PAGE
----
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4.6.2. Future directions for PEDAEX replications

One of the most important conclusions and recommendations based on the project's results and experience is the need to provide a systematic and quality-controlled PEDAEX training programme following the SEC training approach. Such a training programme with specifically-tailored PEDAEX curricula, syllabi, lesson plans, teaching aids/learning materials, etc., which can be flexibly adapted or modified for specific country situations, problems and needs, would facilitate and contribute greatly in developing PEDAEX know-how among local agricultural extension and training personnel.

Training in PEDAEX management should also be encouraged because an important element in the PEDAEX concept is the need for inter-ministerial/departmental collaboration. Proper PEDAEX planning skills are especially needed in view of the need of joint field programming activities among concerned agencies/institutions. The demand-creation effects generated through population education by agricultural extension workers must be well-synchronized, through effective referral services, with other relevant field inputs/supply delivery agencies (i.e., health, family planning, environment, women affairs, etc.) to avoid a frustration of rising expectation situation among rural families.

4.6.3. Lessons learned from PEDAEX activities

Based on the results of FAO/UNFPA project INT/88/P28 on "Strategic Integration of Population Education into the Agricultural Extension Services (PEDAEX)", as well as the findings of the process and summative evaluation studies conducted for the project's pilot activities in the eight participating countries (Kenya, Malawi, Rwanda, Tunisia, Morocco, Honduras, Jamaica, and Thailand), the following lessons have been learned from the PEDAEX experiences:

• Successful PEDAEX activities require functioning and well-organized agricultural extension services which are fully operational at the field-level, in order to integrate effectively population education into regular and institutionalized agricultural extension & training programmes.

• Essential policy support from within the Ministry of Agriculture must be mobilized by providing important policy/decision- makers with clear and explicit rationale for PEDAEX, including its comparative advantages, especially on the concrete and practical benefits to both the agricultural extension service and its main clientele, - small farmers, rural women and youth.

• Inter-ministerial/departmental/agency collaboration or coordination, at least in the form of a PEDAEX task-force or steering-committee, is needed for obtaining advice or inputs on appropriate and relevant technical subject matters related to PEDAEX. Such a collaborative and coordinated effort can also help to synchronize field implementation programming and activities, especially with agencies responsible for providing rural health and family planning inputs/service delivery.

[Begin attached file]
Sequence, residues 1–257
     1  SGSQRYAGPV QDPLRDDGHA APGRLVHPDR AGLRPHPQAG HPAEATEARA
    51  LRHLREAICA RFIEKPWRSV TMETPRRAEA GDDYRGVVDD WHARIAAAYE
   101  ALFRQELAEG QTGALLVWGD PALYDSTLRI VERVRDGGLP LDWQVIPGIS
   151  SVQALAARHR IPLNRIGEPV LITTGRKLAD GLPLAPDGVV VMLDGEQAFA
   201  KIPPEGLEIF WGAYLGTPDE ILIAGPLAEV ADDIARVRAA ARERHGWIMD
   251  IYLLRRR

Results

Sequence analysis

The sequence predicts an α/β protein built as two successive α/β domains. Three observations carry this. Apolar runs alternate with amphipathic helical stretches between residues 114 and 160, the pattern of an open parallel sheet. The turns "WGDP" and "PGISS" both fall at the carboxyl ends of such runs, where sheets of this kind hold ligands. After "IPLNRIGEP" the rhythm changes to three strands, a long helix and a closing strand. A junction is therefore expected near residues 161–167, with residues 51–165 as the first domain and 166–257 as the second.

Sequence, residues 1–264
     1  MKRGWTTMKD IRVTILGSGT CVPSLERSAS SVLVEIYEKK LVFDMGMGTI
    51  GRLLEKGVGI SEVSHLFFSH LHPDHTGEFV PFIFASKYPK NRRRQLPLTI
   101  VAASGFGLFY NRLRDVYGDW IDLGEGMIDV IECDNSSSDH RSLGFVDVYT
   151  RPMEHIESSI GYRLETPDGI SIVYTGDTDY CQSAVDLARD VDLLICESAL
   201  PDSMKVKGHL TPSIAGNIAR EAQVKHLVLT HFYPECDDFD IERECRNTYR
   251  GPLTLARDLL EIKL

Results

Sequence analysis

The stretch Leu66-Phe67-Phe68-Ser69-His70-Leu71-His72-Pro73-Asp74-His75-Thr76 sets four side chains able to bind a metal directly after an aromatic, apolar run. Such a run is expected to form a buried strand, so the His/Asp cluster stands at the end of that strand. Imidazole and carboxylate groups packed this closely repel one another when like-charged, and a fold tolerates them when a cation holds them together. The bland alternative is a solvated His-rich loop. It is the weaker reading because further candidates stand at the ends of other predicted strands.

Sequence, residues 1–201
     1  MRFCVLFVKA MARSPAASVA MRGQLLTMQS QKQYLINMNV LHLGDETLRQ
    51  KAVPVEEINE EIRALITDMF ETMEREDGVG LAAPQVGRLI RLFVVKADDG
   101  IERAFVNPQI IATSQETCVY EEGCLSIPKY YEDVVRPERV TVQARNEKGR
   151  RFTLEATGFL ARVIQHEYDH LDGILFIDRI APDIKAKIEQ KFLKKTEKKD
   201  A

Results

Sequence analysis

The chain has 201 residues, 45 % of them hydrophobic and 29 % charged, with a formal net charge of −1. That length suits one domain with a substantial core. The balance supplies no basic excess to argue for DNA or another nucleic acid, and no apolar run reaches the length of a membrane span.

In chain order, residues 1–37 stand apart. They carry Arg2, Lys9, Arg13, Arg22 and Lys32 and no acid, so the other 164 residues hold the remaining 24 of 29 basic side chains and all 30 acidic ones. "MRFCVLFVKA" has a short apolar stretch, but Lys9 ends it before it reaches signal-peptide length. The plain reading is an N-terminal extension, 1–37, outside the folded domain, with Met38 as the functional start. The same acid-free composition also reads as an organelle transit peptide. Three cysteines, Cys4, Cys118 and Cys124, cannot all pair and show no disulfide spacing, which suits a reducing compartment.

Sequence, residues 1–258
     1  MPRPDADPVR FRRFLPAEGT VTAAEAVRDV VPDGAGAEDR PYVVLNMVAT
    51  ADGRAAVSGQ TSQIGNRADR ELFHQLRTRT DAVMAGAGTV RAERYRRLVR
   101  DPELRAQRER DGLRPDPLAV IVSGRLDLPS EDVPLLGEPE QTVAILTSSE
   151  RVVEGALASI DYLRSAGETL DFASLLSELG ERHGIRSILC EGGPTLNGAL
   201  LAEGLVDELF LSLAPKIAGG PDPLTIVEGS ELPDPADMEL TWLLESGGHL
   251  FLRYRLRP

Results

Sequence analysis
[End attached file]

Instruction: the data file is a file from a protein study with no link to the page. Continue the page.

• PEDAEX task-force meetings, if held regularly, can be very effective especially for identifying priority population education contents/messages, and for joint programming/planning and monitoring of field implementation activities.

• Problem-solving oriented PEDAEX activities can be most effective, especially if problem identification and/or needs assessment exercises are conducted, using a participatory approach involving the target audience, through a specifically designed baseline or Knowledge, Attitude & Practice (KAP) survey, including appropriate focus group interviews (FGI).

• KAP surveys' end focus group interviews' results are most useful for PEDAEX's objective formulation, strategy development and planning tasks, if the survey focuses more on relevant issues related to the inter-relationships of population issues and agricultural development, or on population-related factors that will positively or negatively affect agricultural production or productivity at the farmers' level, instead only on population/family planning issues.

• The implementation of PEDAEX activities is more likely to succeed if undertaken in a systems-approach based on the suggested PEDAEX conceptual framework which identifies its basic processes, elements/components and operational steps, rather than conducting only parts of its elements/components or activities on an ad-hoc basis.

• The involvement of the Ministry of Agriculture's subject-matter specialists (SMSs), in addition to its extension planners, trainers and field workers, is very much needed. Such involvement and collaboration are especially necessary in the important and difficult tasks of properly matching, integrating and packaging relevant population issues/contents with priority agricultural production/development messages, for dissemination through agricultural training and extension services.